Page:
Apache Ambari provided additional value as part of HDP. As a MITRE data architect put it, “[Before moving to HDP] we found ourselves having to write custom code to fit our emerging use cases into the technology.” Cluster setup was a manual, home grown process. With Ambari, CAASD has a platform that lowers operational barriers to growing its cluster. Ambari has eased the burden on System Administrators, giving them more agility.

Apache Spark and Apache Storm hold promise for future CAASD data workloads. CAASD is actively transitioning production MapReduce workflows into Spark to improve performance. Spark is also being used to prototype more advanced analysis using statistics and machine learning.

The Results: Improved Safety, Effectiveness and Compliance

The CAASD team uses the system to look at all the flight data holistically and enrich it with additional external data.


With more than a petabyte of data in its HDP data lake, CAASD has created derived data products. With flight data, combined with data from hundreds of different surveillance sensors, the team can now create logical “flight stories” for any growing number of specific flights. The derived data products are continually stored to enable historical analyses; the archive of flight stories currently spans more than five years.

That analysis could include simulations of terrain avoidance. It can be used to identify safety hot spots or to model traffic flows and densities. Through analysis, CAASD can detect and classify certain types of flight operations such as missed approaches or rejected takeoffs.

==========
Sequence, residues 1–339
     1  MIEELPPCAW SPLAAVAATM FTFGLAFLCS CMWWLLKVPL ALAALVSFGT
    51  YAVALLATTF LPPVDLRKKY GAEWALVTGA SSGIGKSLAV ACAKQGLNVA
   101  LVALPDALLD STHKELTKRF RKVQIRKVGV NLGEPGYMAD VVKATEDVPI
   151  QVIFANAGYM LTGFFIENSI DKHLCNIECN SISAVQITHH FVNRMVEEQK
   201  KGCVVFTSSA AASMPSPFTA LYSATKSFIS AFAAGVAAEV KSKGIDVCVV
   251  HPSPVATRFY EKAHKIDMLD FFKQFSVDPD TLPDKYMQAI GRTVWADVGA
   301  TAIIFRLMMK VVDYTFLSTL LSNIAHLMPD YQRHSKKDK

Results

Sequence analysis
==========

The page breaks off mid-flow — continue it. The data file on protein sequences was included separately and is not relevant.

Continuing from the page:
All of this visibility helps the FAA to identify systematic risks across the NAS and develop mitigation measures with airspace users, such as controller training improvements or changes to operational procedures.

Regulatory Efficiency

Many operational rules and regulations were enacted years ago, before more recent technological innovations and the ability to harness Big Data analytics.

Because of this, the CAASD team is working with the FAA to look for opportunities to improve regulatory flexibility without any increase in air traveler risk. Simply put, the team wants to identify regulations that increase cost and inconvenience, without actually making anybody safer. Making changes to those areas promises to improve the efficiency of the entire system—not to mention the cost and convenience of air travel.

An early win in this area has to do with “separation standards” (rules governing how far apart aircraft need to be from one and other.) Based on analysis on data in HDP, the FAA has altered some of its separation standards and improved efficiency. By FAA estimates, enacting such changes at a single large airport is translating into nearly $20M in saved fuel and a reduction of nearly one-and-a-half years of cumulative passenger taxi and departure times per year.

Next Steps

CAASD is actively growing its data in multiple dimensions. Highly dense weather data is continually being transformed within HDP to help enable real-time design feedback for more efficient flight procedures. In addition, CAASD is expanding its Hadoop data lake to include operations from around the globe to help validate and tune the next generation of airborne collision avoidance systems. These systems will not only increase safety for operations today, but will also help pave the way for safe integration of new entrants into the NAS, including Unmanned Aircraft Systems (UAS).

Reference herein to any specific commercial entity by trade name, trademark, or otherwise, does not constitute or imply its endorsement, recommendation, or favoring by The MITRE Corporation (MITRE).